Exclusive GP practices should provide routine care to any patient – including tourists – even if they are unable to show proof of address or ID, new BMA guidance has said.
The BMA clarified the guidance after acknowledging that there was confusion among GPs about which patients they should register and who could be privately charged, with variations in approaches across the country.
The new guidance – which the GPC says will be endorsed by NHS England – makes clear that even tourists who are staying in the area temporarily should not be charged either for emergency or routine care.
However, the clarification comes as the Department of Health is preparing to launch a consultation on extending charging for NHS services from overseas patients in general, which could include them being charged for accessing GP services.
The new BMA guidance says: ’There is no contractual duty to seek evidence of identity or immigration status or proof of address. Therefore practices should not refuse registration on the grounds that a patient is unable to produce such evidence.
’Anyone who is in England is entitled to receive NHS primary medical services at a GP practice and applications for registration for any patient in England must be considered in exactly the same way, regardless of country of residence.’
GPC deputy chair Dr Richard Vautrey said that the guidance means GP practices ’do have to treat tourists seeking general practice care if they are in their area and they have an open list’.
When asked whether this included routine care, he added: ’Yes, they’d just need to show that they were in the practice area.’
He said: ’It does not matter what you live in, or with whom, as long as the patient says they live within the practice boundary then the practice should see them under the current registration arrangements: immediately necessary care for those in the area that day; temporary residents if staying for up to three months; or full registration if beyond that.’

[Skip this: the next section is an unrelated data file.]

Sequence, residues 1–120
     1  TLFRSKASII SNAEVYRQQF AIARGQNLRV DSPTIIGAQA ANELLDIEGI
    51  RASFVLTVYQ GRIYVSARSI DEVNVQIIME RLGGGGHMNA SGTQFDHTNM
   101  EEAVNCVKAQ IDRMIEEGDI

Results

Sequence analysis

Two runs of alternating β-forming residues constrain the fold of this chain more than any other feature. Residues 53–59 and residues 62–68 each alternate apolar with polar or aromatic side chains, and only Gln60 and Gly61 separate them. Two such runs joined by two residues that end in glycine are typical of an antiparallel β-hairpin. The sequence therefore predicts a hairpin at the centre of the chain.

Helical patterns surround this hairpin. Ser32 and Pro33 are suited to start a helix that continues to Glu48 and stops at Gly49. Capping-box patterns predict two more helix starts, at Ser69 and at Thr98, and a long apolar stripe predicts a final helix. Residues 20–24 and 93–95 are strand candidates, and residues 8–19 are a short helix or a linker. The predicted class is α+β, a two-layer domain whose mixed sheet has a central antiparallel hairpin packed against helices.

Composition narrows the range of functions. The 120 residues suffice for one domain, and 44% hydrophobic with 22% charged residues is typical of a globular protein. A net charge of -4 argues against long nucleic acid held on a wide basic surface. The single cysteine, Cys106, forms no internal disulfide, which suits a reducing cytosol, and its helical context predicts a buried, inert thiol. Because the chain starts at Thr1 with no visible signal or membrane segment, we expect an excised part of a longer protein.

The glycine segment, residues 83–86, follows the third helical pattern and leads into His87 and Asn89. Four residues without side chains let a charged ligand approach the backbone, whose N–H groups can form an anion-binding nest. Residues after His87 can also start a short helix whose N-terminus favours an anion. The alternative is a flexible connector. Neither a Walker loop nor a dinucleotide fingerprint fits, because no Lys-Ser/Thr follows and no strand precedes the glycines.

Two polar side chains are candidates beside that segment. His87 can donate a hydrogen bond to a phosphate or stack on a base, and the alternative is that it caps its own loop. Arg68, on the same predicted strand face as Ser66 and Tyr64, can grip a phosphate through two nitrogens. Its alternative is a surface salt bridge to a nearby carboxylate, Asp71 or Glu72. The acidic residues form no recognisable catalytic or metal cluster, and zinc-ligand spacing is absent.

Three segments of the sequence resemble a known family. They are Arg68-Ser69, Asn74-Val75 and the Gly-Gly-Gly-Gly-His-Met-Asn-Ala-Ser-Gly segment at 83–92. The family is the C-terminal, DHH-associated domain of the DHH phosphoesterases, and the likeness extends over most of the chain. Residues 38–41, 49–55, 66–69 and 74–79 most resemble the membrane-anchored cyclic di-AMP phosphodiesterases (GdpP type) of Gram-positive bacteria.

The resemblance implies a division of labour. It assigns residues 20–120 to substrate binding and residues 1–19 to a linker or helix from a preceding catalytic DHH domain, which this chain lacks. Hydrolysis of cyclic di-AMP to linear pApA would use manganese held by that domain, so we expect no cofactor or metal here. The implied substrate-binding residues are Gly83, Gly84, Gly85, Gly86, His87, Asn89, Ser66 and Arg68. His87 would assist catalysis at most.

But he said this would not amount to practices working for free, as they ’will receive full global sum fees for fully registered patients’.
He added: ’What we’ve been expecting for some time is guidance from NHS England on registration arrangements. We expect that this will make it absolutely clear that all people in the country, including tourists, can access free GP services.’
An NHS England spokesperson said: ’We are currently working on guidance that reiterates the current regulations around patient eligibility and registration and will publish it in due course.’
Under the Immigration Act 2014, only UK residents with ‘indefinite leave to remain’ are entitled to free healthcare – including GP services.
So far, charging has only been implemented for elective secondary care but The Times has reported that the Government is looking at also charging for emergency care.
A DH spokesperson told Pulse a consultation on extending the charging regime will be launched in around a month’s time.
The spokesperson said: ’International visitors are welcome to use the NHS, provided they pay for it — just as families living in the UK do through their taxes. This Government was the first to introduce tough measures to clamp down on migrants accessing NHS care and have always been clear we want to look at extending charges for non-EEA migrants. No-one will be denied urgent treatment and vulnerable groups will continue to be exempt from charging.’
Dr Vautrey said the GPC was ’expecting a Government consultation on extending charging to elements of primary care’.
A BMA spokesperson said it has updated advice because ’this has long been an area of confusion for GPs, largely due to the absence of clear guidance from the DH and NHS England’.
‘Therefore while the BMA’s existing guidance remains the same, we have made it clearer for doctors to understand. We are expecting NHS England to clarify its own guidance shortly to avoid any confusion on this issue in the future,’ they added.
Pulse revealed earlier this year that the Government plans to ask GPs to request to see EHIC cards for all patients in areas with a high population of visitors from the EU. These pilots would test the feasibility of practices routinely asking patients for documents to enable the NHS to recover the costs of primary care from their home countries in future, the DH said at the time.